Introduction

Hello, my name is Orty Ortwein and this is my bookmobile blog! I just find bookmobiles really fascinating, and if you’re here, then so do you. I hope to update every week, with a new factual tale every time. Of course, I’ll keep you posted. Look around and let me know what you think! (Many thanks to the Bethlehem Public Library of Delmar, NY, for letting me use their photo in the banner).

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The Big Rig Bookmobile

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John C. Gervase has always been passionate about trucks and helping humanity. For years he had used his skills as a trucker to assist organizations such as Feeding America and the Northern Illinois Food Bank. Research taught him there was a direct link between poverty and education, a gap he decided to fill. After procuring over 1,500 books through a bookdrive sponsored by his church, he needed a way to distribute them. He was able to purchase a trailer from St. Louis, which they generously sold him for half the asking price. Big Rig Books was born.

Big Rig Books now routinely stops at schools, handing out books for free. The work is taxing but rewarding. As John himself says on his site, “I look forward to each and every day with joy and pleasure.”

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The Books-to-People Project of Indianapolis

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The Indianapolis’ Books-to-People project of the 1970s reflected that decade’s trend of using mobile libraries to help offset social inequality. The federally-funded project began in the summer of 1971 as means to bring paperbacks to the disadvantaged. Using a vehicle known as the Go-Go-Van, the colorful car’s rounds included Goodwill Centers, doctor’s offices, bars, beauty and barber shops, daycare centers, and just about any other place people might gather. The Marion County Jail was also served. The van gave out the books for free and encouraged people to return them to one of the library’s local branches. The staff also had plenty of helpful pamphlets on hand. On top of this, the Books-to-People left deposit collections whose contents were not meant to be removed. These boxes included titles such as Name Your Baby and the Home Medical Encyclopedia. Each collection included a sign that said: “Books-to-People/Indianapolis-Marion County Public Library/ Mini Reading for You/ Please Leave it Here for the next Person to enjoy.”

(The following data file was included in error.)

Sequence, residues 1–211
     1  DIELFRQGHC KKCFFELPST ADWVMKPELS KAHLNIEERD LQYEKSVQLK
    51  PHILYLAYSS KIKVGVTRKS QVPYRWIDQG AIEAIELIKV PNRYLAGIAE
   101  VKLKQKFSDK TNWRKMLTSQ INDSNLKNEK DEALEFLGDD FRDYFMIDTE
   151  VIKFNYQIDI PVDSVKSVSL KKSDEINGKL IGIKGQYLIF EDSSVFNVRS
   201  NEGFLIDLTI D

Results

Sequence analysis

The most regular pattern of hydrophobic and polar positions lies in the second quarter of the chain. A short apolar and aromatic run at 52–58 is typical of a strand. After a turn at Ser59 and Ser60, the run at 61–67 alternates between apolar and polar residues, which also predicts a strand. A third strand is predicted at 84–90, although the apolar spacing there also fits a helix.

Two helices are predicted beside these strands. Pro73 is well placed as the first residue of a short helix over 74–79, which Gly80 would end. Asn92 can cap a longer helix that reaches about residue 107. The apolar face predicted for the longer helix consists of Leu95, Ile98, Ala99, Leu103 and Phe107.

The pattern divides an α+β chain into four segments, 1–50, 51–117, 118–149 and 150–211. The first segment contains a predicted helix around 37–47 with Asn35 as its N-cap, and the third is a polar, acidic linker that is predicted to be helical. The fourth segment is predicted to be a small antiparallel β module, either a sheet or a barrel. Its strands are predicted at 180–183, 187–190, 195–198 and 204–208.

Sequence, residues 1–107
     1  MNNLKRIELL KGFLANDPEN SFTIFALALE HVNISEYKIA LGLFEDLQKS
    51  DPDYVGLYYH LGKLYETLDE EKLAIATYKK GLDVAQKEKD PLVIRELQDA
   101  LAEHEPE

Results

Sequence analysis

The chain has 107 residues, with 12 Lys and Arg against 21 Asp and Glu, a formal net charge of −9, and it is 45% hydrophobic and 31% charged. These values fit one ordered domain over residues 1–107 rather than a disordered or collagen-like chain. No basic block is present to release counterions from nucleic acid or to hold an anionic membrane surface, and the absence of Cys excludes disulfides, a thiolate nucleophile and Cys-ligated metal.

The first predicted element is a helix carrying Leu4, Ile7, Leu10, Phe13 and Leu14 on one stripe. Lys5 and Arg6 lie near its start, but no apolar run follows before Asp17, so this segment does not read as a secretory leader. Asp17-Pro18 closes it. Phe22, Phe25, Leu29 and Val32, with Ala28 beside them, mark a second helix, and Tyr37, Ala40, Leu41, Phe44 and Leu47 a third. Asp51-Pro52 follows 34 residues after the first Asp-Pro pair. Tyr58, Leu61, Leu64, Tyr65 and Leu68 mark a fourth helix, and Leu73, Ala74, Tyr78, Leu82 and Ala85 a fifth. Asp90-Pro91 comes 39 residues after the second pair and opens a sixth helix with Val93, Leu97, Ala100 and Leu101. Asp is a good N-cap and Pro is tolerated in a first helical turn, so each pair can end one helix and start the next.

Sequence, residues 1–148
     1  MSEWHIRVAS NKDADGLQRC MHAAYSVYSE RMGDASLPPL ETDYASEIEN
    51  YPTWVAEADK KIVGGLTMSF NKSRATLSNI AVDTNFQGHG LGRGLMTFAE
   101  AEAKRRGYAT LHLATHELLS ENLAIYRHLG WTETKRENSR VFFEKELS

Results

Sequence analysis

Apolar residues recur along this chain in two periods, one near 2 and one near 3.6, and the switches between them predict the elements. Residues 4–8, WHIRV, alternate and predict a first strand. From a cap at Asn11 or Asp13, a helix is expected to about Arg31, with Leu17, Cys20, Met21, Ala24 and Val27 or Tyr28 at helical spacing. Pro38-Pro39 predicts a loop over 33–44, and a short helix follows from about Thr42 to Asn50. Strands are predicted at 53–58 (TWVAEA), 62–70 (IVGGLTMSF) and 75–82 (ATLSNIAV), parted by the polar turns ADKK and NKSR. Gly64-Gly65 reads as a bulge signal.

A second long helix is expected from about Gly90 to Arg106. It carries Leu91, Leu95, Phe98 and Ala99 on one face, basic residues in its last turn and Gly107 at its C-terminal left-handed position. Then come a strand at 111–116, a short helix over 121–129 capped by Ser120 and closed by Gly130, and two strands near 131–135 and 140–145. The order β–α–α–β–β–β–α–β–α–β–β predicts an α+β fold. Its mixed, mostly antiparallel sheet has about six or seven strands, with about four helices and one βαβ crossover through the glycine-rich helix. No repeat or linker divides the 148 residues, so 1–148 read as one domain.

The project was discontinued in 1980, some say as another casualty of the energy crisis.

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The Last Gerstesnlager?

It seems I mispoke when I said that Waukegan Public Library retired the last still-operating Gerstenslager in 2005 to aid Katrina victims. In fact, they have another that is still running. The Dinomobile is a 1973 Gerstenslager that serves exclusively elementary schools.  According to Joseph Kalinowski, who has been driving her for the past 35 years, it has never needed a major part. This may make it the last Gerstenslager still running. If anybody knows of another, please let me know!

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The last of the Gerstenslagers?

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The Bookmobiles of the John Birch Society

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The John Birch Society was founded by millionaire candy magnate Robert Welch in 1958. The sole purpose of this group was to stop the spread of Communism, both abroad and especially at home in the United States. “Our own country has suffered from as much turpitude and treason as would ordinarily require a generation to put together,” the very serious Welch explained in the introduction to the fourth printing of the Blue Book of the John Birch Society. “You have only a few more years before the country in which you live will become four separate provinces in a world-wide Communist dominion ruled by police-state methods from the Kremlin.” While the JBS took on a bellicose tone, its weapons of choice were words, and lots of ‘em. The Society’s printing outfit, Western Islands, printed thousands of books, pamphlets, and periodicals. These were to be distributed by loyal Birchers. In the Blue Book chapter titled “And So, Let’s Act…” Welch called for the creation of hundreds of reading rooms across the country. These would be rental libraries similar to their public counterparts, the difference being that they would be stocked solely with literature that told the truth about the Communist threat. They also sold books and always had the latest copies of American Opinion, the Society’s official newsletter. Indeed, these special libraries were often called “American Opinion” libraries.